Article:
Prisons or Education?

Did you know that in the state of California it costs roughly seven times more to house one prisoner for a year than it does to send just one child to a college or university?

The annual combined budget for all Cal State and University of California campuses (thirty-two total) is less than half of what California spends on prisons. That’s a truly astounding fact and it gets even more troubling when you move to the inner cities. In Los Angeles, more than two-thirds of low-performing schools are in neighborhoods with the highest incarceration rates, and that same percentage of the city’s high-performing schools are in neighborhoods with the lowest incarceration rates.

For the past seven years I have been the executive director of Heart of Los Angeles, a nonprofit organization that provides thousands of at-risk youth with free, exceptional after-school programs in academics, arts, and athletics, including a world-class youth orchestra program, a vibrant visual arts department, a full college-prep program, and premier sports leagues and clinics. In neighborhoods often overrun by poverty, crime, and a feeling of hopelessness, HOLA invests in youth to build stronger communities and gives some of the city’s most vulnerable youth a chance to succeed in life.

HOLA is located in the Rampart District, one of the most densely populated communities in the country. Approximately 90 percent of the families we serve live at or below the poverty line, and our kids deal daily with the pressures of gang activity, crime, and immigration status.

Our children attend some of California’s most under-resourced and lowest-performing schools, where graduation rates hover around 50 percent. HOLA aims to address the huge shortfall in state funding for education by providing supplemental programs and services that our kids aren’t getting inside or outside of school.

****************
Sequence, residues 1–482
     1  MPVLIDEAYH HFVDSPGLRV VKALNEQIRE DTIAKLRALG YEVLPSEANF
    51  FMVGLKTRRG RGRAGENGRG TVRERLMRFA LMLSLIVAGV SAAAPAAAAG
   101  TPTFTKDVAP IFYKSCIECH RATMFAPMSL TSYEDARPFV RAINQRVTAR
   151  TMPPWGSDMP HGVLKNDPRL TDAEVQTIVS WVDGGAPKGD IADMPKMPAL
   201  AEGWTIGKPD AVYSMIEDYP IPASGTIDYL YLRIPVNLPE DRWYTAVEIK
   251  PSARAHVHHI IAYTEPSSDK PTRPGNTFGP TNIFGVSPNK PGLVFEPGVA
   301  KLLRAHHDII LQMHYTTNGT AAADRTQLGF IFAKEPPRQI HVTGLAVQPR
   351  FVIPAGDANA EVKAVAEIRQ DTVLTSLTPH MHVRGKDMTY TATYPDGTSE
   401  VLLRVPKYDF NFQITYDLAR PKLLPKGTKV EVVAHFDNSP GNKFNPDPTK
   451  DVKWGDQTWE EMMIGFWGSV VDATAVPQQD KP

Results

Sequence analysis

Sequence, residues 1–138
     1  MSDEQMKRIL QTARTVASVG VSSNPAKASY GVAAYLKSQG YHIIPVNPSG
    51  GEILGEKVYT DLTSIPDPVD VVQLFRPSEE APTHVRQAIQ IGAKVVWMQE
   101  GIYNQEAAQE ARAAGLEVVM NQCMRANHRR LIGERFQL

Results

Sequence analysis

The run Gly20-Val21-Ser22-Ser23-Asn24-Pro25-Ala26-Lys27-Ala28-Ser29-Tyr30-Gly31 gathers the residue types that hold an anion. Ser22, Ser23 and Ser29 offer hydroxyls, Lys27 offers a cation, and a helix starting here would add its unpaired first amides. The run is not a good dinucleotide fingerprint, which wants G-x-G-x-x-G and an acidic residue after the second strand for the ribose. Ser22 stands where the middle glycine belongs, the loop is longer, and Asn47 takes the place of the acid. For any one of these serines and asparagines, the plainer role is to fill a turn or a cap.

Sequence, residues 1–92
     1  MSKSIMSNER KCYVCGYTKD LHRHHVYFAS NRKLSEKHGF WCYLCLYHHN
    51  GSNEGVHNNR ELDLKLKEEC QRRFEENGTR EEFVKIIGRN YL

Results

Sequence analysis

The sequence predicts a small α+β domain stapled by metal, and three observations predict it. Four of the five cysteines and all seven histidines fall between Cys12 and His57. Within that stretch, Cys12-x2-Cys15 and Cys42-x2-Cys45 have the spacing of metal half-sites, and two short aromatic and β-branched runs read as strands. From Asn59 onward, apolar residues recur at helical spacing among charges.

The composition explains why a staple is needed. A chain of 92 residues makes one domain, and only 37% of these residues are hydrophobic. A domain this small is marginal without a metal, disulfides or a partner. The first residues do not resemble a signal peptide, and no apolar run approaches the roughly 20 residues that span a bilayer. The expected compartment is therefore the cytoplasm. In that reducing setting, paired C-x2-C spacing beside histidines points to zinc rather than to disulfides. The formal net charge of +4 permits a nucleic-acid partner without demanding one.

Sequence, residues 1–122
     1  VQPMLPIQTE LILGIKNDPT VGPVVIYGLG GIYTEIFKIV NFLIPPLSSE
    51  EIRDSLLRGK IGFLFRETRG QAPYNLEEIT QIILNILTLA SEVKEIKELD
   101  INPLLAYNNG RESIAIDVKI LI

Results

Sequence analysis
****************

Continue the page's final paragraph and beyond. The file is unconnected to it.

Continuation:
We provide intensive academic support to kids ages six to nineteen. With targeted intervention and one-on-one support, we give students the individualized attention they need. We track our students’ grades with results that are resoundingly positive.

In their junior year of high school, our students begin intensive college prep, and in the summer before their senior year, students are paired up with volunteer mentors who work with them through college applications, financial aid, and the scholarship process.

During the last three years, 100 percent of the students in our program graduated from high school, and more than 90 percent are still enrolled in college. There are currently more than 200 HOLA alumni attending seventy-five colleges and universities around the country.

While doing graduate work at UT, I discovered the importance of establishing partnerships with public and private agencies to leverage HOLA’s assets. Today, HOLA partners with Gustavo Dudamel and the LA Philharmonic, the Los Angeles Lakers, Bard College, and the LA City Department of Recreation and Parks. These partnerships are key to providing programs of the highest quality to thousands of underserved children.

As I look to the future, I see street corners once occupied by gangs and overrun by criminal activity that are now safe for visiting artists, teachers, alumni, and volunteers. Drugs, weapons, and spray cans have been replaced with instruments, books, sports gear, paintbrushes, and canvases. Everyone in the community is sharing lessons learned, and the local schools and surrounding neighborhoods are becoming strong foundations for fostering the next generation of productive and successful contributors. Heart of Los Angeles has become a beacon center of hope that unites partners with youth and their families to transform communities.

Read more about Tony Brown and Heart of Los Angeles in Accolades magazine from the College of Education, Health, and Human Sciences.

Photo by Jon Rou

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1 comment

Ann Skadberg March 19, 2014 - 12:00 am

Great article!


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